Meet Darryl S. of Cincinnati, OH
An interview with a Color Bearer member
It is nice having a bit of recognition and some extra perks along the way, but really I think the most important aspect is knowing that I am supporting preservation with an organization that is aggressive, forward-thinking, and passionate.
Darryl Smith, Color Bearer
American Battlefield Trust: What moved you to first give to our organization?
Darryl: Living in Cincinnati, I attended my first Trust event in Lexington, Kentucky in 2010. I was not a member at the time, but enjoyed myself so much from both the family vibe, as well as enjoying the various events, that I became a Regimental Color Bearer. Hearing Mr. Lighthizer's challenge that weekend to save 50,000 acres, and hearing about the great rating from Charity Navigator, I knew it was an organization I could rally behind.
What do you enjoy most about being a Color Bearer?
Difficult to pinpoint just one aspect. It is nice having a bit of recognition and some extra perks along the way, but really I think the most important aspect is knowing that I am supporting preservation with an organization that is aggressive, forward-thinking, and passionate.
What is your favorite battlefield you’ve visited?
Gettysburg is the “gateway drug" to introduce new tourists with its sweeping vistas an iconic monuments, so that one is a given. Perryville is fantastic for its pristine nature of the battlefield. Shiloh is remarkable for lost opportunities and rookie soldiers, Wilson's Creek and Pea Ridge simply for their remoteness, Fort Donelson because it is still forgotten in the lexicon of the Civil War, Buffington Island for what might have been saved instead of lost to "progress,” and Chickamauga, for the confusion in mostly wooded terrain!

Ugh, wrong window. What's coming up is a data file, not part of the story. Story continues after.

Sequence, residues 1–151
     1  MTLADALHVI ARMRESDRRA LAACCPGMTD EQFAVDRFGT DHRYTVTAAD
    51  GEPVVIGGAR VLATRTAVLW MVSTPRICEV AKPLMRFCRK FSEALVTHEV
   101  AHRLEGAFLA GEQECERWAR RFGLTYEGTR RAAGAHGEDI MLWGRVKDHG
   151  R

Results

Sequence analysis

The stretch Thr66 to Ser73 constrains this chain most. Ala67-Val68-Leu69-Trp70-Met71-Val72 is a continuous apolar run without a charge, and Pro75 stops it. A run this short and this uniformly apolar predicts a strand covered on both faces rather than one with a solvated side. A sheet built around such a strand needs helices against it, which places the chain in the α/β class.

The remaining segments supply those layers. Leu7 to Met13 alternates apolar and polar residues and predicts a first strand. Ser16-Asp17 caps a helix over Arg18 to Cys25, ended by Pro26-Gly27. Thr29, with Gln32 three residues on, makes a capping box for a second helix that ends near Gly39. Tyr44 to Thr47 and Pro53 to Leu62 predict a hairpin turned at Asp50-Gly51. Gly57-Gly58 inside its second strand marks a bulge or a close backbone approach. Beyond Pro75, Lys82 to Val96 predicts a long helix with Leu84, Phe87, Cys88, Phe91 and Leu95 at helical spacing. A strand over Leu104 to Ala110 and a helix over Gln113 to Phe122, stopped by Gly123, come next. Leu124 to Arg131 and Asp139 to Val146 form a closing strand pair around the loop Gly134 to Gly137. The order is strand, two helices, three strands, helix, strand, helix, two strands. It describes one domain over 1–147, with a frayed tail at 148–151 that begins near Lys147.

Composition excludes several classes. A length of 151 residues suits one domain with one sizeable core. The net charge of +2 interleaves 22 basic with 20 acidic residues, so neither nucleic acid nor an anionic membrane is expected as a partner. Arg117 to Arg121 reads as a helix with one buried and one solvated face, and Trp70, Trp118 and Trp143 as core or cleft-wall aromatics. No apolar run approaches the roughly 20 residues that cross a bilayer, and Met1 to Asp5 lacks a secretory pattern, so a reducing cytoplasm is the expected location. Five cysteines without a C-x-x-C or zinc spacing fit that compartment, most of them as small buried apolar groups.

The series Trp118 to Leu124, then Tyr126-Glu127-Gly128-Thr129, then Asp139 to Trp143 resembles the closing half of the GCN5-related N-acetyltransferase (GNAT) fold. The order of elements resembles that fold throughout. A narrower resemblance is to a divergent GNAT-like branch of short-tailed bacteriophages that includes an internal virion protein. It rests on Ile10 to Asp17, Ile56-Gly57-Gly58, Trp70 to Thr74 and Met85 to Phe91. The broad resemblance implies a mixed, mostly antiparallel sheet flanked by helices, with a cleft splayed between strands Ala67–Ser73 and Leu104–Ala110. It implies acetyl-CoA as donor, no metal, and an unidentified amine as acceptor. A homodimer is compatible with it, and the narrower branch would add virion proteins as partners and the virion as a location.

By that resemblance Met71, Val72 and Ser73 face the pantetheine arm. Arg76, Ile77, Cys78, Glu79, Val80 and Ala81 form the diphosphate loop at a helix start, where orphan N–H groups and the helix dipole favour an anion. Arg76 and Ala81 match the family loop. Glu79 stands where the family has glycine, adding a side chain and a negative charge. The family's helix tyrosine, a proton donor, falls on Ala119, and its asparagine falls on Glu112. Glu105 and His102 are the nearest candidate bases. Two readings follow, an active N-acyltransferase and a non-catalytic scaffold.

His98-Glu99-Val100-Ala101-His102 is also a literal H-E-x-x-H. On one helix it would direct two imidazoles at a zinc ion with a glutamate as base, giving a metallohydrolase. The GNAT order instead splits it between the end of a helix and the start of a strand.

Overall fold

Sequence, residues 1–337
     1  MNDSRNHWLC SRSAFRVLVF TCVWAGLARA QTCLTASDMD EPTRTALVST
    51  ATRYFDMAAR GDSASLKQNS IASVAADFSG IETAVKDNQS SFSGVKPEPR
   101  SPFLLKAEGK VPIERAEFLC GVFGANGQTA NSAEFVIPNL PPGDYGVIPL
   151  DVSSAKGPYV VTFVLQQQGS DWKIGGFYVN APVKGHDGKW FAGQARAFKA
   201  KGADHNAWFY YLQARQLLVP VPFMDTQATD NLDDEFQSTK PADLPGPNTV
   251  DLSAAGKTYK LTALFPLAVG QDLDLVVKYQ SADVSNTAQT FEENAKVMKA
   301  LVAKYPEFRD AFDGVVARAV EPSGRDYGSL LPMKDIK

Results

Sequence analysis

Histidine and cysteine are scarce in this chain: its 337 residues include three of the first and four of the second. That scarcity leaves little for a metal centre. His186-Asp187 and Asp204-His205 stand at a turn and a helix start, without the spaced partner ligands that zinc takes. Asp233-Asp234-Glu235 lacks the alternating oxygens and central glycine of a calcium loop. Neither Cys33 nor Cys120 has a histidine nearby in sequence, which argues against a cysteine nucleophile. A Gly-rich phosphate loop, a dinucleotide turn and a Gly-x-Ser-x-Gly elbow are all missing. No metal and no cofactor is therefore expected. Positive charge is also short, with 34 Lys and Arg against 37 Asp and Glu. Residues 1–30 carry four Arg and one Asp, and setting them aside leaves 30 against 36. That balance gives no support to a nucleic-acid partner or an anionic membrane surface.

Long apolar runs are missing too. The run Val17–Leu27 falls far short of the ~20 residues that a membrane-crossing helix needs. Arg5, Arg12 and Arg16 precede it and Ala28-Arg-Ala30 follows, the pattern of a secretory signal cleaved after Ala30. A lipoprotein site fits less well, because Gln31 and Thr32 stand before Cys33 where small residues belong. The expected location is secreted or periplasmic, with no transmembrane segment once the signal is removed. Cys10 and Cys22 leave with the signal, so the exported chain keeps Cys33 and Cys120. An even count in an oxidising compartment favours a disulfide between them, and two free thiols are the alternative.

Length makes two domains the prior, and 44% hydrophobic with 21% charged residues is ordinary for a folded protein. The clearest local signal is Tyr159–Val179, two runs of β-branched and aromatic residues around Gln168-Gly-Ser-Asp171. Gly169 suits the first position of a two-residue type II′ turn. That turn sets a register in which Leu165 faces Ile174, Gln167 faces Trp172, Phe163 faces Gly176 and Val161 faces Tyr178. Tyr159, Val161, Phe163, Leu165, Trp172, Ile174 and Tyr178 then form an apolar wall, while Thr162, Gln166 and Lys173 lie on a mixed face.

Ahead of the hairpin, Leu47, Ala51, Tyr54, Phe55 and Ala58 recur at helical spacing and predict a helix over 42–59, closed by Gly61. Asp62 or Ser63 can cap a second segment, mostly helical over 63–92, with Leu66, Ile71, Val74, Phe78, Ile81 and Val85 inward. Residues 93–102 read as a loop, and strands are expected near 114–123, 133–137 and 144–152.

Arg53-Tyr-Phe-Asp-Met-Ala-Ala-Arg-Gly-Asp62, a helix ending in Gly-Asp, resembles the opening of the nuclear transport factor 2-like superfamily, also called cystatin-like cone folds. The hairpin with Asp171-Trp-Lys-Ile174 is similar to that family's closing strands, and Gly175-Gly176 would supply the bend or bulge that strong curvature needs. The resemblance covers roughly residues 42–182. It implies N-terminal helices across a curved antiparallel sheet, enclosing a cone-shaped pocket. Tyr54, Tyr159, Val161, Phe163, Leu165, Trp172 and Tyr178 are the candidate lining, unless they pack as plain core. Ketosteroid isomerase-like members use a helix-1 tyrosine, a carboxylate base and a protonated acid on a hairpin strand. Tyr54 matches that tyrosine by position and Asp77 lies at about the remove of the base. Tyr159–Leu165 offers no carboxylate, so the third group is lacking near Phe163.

If you could travel anywhere in the world, where would you go?
There are numerous locations in the United States still for me to visit, and overseas. Germany, Switzerland, and Austria would be at the top of the list. Iceland as well.
What would you like to pass on to future generations?
Every acre of battlefield that can be saved is saved for the opportunities to learn about the deeds and the people that made those places sacred. Also, a piece of advice: dig deeper. Do not take our history at face value, but find something you are passionate about and keep plugging away until you find the core of the story. That is where the connections are made.
If you could meet any historical figure, who would you choose and why?
My third great uncle, who was wounded at Chickamauga, so I could hear his tale about his life.
Anything else you want to share?
I would love to see more Western historians involved with the videos and site visits for Western theater battles. We have plenty of experts beyond the Allegheny Mountains who are very suitable to do tours and videos for the Trust. Beyond that, continue to move ahead, to save every acre, to keep the passion flowing.